Combat is performed with a mix of order tokens that add -1 / 0 / +1 to the combat value of your army where meeples are divided into Footmen (strength 1) , Knights (strength 2), ships (strength 1) and siege engines (strength 4 when attacking). Army units can be stacked, but the number and size of armies depend on how much food you have in your realm – thus capturing food resources to supply your armies is as vital as capturing victory locations. Do aid your armies you have 6 characters in a “combat deck” for each faction which can either add combat value or special abilities to your attack against an enemy, (sometimes they add both a combat value and a ability). Combat situations in one region can also be supported by nearby friendly troops that have been given the “support” order. Players not directly involved in the combat can also aid the attacking or defending player by pledging support with their own units that are in nearby regions.

Beside managing the “Supply” resource in the game and attempting to capture the victory locations there is also a power struggle for the Iron Throne, the (Fiefdoms)/Valyrian Steel blade and the (Kings Court)/Messenger Raven. On several occasions there will arise a bidding situation prompted by event cards that has players bid “Influence” tokens for each of the three titles. These influence tokens can be gathered from the board by consolidating power, and regions with crowns painted on them are extra valuable when it comes to gathering influence. The more influence a faction has the more likely it is to either win the bids for the three titles, or place itself high up on the track.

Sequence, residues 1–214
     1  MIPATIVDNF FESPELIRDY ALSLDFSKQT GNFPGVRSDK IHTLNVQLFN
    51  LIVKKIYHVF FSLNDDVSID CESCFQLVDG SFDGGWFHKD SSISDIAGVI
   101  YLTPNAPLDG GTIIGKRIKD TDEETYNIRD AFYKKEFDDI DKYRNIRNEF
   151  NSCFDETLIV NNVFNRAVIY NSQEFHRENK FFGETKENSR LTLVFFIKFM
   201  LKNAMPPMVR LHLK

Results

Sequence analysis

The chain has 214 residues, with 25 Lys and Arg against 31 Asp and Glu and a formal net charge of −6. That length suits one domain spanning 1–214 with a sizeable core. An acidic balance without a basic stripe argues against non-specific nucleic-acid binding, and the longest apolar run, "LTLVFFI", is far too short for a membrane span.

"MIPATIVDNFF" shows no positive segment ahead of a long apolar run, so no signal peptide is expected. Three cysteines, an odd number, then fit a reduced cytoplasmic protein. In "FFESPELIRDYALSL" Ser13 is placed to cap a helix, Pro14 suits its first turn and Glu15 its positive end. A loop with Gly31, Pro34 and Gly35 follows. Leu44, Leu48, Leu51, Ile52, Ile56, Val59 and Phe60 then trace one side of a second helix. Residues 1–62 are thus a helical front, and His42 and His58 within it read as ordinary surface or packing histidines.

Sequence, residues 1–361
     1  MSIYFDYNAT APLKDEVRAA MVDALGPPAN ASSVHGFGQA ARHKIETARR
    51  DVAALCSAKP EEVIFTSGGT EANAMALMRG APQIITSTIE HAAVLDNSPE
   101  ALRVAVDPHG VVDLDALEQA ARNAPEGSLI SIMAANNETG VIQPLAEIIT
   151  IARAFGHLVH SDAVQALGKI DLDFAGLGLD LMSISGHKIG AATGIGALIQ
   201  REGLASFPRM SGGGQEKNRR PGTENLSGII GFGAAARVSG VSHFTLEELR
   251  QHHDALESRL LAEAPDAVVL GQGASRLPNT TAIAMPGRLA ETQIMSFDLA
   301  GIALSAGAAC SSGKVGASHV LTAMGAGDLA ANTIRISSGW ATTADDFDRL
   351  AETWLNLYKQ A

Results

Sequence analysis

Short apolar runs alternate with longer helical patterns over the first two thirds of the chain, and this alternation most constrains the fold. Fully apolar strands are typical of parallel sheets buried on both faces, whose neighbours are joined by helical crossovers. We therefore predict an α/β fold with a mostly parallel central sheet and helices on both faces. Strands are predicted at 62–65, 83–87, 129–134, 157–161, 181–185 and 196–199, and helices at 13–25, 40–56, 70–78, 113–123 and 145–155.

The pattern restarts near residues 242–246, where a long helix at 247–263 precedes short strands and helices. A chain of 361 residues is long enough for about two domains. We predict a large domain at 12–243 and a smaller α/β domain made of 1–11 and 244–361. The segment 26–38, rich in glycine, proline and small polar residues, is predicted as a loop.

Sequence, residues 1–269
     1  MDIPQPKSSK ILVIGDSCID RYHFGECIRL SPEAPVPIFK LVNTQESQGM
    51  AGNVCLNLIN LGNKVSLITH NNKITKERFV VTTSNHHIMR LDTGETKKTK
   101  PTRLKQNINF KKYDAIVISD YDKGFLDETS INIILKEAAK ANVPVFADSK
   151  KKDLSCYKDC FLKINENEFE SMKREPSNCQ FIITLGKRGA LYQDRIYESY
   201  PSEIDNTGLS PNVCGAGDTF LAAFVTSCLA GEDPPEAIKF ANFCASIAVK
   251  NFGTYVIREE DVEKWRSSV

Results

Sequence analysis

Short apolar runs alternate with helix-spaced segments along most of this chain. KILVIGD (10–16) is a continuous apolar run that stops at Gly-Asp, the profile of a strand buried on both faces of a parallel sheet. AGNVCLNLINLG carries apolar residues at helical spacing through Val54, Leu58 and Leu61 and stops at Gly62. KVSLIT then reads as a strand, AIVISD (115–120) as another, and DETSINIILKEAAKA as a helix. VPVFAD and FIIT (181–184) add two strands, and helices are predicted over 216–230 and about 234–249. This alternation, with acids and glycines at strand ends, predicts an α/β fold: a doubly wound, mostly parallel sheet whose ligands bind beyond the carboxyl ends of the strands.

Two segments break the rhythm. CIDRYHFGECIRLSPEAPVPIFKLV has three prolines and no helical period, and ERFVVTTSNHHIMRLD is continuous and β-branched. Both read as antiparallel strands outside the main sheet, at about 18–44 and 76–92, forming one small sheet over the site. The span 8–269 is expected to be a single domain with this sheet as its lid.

The titles give really good advantages to the owner, the Iron Throne allows the owner to rule in any situation (except for combat) when two players see a draw – for instance during the bidding for titles on the influence track.

The Fiefdoms/Valyrian Steel blade allow the owner to either add +1 bonus to his attack or change the additional combat card drawn from the stack so that a crappy +0 card can if all goes well turn into something more substantial. Perhaps the most valuable title is the Kings Court. Additionally, during combat situations when the battle is a draw, the player higher up on the Fiefdoms track wins over those lower on the same track.

The winner of the Kings Court/Messenger Raven is allowed to change one of his order tokens when everyoen has revealed their orders at the start of a turn, or take a look at the upcoming wildling attack card. Furthermore, placing in the top tier on the Kings Court track allows players to play more special orders during a turn than t hose on lower levels.

Influence tokens are also occasionally used to beat back Wildling invasions from the north, so it is often good to have a few at hand saved up for those random events.

And so  the game goes, players raid and attack each other, wheel and deal with their opponents to come up with alliances, backstab and bid their way to power and victory over a game that lasts 10 turns (or less if someone manages to capture 7 victory locations). It’s not that difficult a game when it comes to rules, much of the strength and weakness of the game is tied up in the players taking part in the gaming session. Playing with people that are too kind and never attack, or playing with overly agressive players can ruin the game. You have to be able to reason with opponents, and occasionally be able to rely on their word, otherwise the verbal diplomacy part of the game is pointless and the game can become 6 players waiting around to make opportunistic actions in a otherwise deadlocked situation. Thankfully, many of the boring and frustrating parts have been fixed in this revised Second Edition of the game, enough so that the importance of player character doesn’t impact on the game as much as it once did.

  

 

Overall Rating : 7.5 out of 10